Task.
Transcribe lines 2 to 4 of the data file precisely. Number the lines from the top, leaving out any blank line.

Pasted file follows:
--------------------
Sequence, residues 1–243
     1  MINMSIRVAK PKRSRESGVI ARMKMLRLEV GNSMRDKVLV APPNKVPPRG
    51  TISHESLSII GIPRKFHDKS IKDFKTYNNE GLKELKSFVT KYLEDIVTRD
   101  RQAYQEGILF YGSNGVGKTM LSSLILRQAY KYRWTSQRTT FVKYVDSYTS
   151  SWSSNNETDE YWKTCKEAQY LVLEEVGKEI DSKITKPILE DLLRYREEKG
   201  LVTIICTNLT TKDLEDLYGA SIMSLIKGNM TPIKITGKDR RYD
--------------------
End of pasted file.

     1  MINMSIRVAK PKRSRESGVI ARMKMLRLEV GNSMRDKVLV APPNKVPPRG
    51  TISHESLSII GIPRKFHDKS IKDFKTYNNE GLKELKSFVT KYLEDIVTRD
   101  RQAYQEGILF YGSNGVGKTM LSSLILRQAY KYRWTSQRTT FVKYVDSYTS